When I first read this there was something so touching that made me connect all the ways that we as humans have prioritized the wrong things with expectations of a reward or increased success in one avenue, while ignoring the signs of what was to come. How many times do you hear modern hunters say things like “turkey numbers would be better if we had less raccoons/hawks/coyotes/snakes, etc.” the issue isn’t even the animals themselves, it is us. The ecology and habitat has been thrown out of equilibrium and I believe it is because we as humans have forgot our place/role in the mix as a whole.
As many of us know, we have endless amounts of atoms that all matter in the universe including us. We all know that matter/energy cannot be created nor destroyed as stated in the law of conservation of mass, leaving a never ending cyclical exchange of matter between biotic and abiotic environments. This is a fundamental concept in ecology and the transfer of energy from one organism to another. Science and the natural world are great at humbling the human ego when it grows too big.
Leopold writes about how cool ecology is and the cycle of energy/atoms between one species to another is in his essay titled, “Odyssey”. In this essay he goes on the journey of initially following the life of an atom from flower to man, back to the land, and then onwards towards an entirely different journey. It was always part of the system though. The entire essay is really about how we are all connected and that Native Americans were aware of this, but as colonial expansion occurred, the perspective of land changed and only select organisms were important, which causes issues, issues that were already accounted for initially that must now be rediscovered and fixed in the present/future.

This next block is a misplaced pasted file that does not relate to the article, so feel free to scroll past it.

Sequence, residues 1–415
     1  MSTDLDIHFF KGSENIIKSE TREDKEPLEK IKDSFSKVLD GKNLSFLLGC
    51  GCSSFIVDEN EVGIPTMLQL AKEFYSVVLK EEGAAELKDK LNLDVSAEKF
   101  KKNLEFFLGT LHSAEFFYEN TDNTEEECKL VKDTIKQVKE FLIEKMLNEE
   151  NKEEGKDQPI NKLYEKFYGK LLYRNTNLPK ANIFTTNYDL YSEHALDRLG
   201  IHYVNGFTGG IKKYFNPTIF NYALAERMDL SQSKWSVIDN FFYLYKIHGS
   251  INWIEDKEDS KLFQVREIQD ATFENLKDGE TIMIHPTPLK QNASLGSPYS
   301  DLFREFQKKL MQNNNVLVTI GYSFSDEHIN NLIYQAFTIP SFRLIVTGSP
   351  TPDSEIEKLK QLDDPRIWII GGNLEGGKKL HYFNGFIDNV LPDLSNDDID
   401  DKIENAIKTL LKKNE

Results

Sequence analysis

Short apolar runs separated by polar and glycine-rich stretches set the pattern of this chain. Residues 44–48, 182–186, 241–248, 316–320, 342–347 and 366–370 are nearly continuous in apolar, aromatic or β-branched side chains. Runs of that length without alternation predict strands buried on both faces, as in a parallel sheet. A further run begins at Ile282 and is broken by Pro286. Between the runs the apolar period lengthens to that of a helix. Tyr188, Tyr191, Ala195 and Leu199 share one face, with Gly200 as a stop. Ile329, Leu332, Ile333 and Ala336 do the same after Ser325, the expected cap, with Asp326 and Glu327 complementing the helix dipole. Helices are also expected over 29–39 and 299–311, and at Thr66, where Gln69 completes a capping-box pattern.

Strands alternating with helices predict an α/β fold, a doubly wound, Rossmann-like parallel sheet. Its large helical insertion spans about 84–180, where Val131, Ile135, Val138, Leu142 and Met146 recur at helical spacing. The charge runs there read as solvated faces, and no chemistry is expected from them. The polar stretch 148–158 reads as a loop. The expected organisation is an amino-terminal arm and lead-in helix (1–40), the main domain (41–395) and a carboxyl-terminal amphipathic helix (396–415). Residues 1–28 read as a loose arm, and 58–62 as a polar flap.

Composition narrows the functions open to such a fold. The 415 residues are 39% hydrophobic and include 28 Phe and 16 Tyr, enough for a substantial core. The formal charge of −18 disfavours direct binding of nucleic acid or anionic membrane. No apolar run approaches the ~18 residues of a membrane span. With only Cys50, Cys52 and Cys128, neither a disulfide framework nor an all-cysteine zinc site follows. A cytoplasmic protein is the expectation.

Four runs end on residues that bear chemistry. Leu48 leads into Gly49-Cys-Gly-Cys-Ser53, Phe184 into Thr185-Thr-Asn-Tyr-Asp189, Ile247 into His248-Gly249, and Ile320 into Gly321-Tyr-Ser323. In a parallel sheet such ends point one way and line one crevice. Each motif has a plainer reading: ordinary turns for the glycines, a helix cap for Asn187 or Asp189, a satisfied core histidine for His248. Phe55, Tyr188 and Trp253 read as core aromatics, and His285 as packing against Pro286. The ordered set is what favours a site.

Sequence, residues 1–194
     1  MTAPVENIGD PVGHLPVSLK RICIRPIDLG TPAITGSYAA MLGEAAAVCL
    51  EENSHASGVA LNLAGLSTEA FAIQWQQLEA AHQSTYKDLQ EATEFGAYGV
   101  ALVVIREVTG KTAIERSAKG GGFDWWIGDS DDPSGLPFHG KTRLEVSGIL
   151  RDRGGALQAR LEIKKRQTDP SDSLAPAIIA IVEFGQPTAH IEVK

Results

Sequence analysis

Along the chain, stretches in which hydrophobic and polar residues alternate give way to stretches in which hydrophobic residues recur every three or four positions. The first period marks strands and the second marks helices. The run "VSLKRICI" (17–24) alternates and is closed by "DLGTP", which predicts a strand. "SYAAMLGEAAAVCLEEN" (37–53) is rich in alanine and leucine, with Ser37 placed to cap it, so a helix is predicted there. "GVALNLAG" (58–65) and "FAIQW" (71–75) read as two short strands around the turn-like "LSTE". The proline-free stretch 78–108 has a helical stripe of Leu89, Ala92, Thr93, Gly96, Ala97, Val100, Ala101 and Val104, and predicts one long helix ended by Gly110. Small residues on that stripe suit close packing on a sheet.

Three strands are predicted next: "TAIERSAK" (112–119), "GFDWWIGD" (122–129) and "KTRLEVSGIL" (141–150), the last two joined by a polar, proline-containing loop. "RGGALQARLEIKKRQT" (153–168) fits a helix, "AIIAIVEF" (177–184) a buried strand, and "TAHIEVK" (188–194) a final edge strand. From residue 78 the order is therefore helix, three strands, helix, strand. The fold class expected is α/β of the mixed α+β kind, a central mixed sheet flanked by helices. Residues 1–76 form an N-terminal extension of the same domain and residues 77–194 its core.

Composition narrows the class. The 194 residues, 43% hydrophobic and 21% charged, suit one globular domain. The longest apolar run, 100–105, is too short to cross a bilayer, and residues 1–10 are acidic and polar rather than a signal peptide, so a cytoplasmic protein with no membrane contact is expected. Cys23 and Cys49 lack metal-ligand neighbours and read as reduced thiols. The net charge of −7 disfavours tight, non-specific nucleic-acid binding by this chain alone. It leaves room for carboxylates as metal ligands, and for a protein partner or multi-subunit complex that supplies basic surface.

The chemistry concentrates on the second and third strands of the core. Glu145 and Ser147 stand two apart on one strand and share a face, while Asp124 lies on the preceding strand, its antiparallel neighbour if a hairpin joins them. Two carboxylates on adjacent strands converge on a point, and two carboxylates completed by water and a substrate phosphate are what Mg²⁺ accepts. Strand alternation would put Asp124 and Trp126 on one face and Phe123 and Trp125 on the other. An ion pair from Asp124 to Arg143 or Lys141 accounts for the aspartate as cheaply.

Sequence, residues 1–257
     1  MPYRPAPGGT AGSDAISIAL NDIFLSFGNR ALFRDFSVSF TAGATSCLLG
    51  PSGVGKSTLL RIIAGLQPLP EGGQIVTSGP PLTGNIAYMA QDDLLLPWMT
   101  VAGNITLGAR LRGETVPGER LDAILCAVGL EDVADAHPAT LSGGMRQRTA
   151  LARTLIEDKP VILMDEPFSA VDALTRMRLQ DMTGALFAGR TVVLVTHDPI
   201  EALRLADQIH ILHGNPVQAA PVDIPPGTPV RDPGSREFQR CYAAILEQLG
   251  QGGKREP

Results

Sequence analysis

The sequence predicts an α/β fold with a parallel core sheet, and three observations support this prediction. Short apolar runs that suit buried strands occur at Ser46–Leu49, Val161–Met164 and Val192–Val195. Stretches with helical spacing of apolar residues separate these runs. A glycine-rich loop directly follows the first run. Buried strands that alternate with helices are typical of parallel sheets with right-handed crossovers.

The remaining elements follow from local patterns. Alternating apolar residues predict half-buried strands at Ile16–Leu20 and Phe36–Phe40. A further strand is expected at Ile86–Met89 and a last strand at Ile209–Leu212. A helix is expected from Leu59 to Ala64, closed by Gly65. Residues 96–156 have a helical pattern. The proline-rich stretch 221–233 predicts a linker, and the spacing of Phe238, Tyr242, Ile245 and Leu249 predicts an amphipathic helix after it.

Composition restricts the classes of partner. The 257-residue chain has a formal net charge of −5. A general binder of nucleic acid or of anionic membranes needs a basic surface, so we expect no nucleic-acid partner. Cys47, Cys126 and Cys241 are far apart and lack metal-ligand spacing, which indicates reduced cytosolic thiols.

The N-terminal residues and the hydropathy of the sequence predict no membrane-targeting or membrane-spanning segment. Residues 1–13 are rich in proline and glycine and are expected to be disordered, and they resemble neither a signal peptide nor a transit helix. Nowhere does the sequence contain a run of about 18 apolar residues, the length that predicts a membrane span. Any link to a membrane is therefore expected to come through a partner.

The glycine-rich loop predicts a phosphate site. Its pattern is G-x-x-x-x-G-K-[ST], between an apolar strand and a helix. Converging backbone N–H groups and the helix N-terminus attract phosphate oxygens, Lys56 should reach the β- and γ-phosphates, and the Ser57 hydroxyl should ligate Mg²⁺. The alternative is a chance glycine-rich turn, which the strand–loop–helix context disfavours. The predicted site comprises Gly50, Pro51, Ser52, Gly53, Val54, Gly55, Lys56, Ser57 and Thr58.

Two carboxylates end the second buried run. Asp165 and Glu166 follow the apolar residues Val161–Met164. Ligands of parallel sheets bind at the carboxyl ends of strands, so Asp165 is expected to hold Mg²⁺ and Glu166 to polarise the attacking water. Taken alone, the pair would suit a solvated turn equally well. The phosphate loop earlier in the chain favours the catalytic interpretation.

I find it frustrating when we push blame of environmental errors that we could have been prevented onto other members of the ecosystem despite it being due to our actions and impact onto the world. There are many broad examples of this, though many don’t realize it until they are told it occurs.
Aldo Leopold opened my eyes as to show how conservation and land management should be returned to a land first mentality when it came to creating or destroying something. It is a perspective that I try to bring with me every day no matter the person or how I am feeling. Hunters should be more aware than most other people at how significant land and browse quality must be to produce mature, healthy bucks or whatever game animal you hunt, as they seem to be detrimental in success and the overall quality of your hunt. It is more than putting out a salt block and pile of corn every day so you can shoot a deer. Really look at how the animals are interacting, what is holding them there, etc. If you begin to listen more than you speak and ask how I can help the land more often than how can the land help me?
Leopold, Aldo Carl. A Sand County Almanac. The Random House Publishing Group, 1966. pp. 130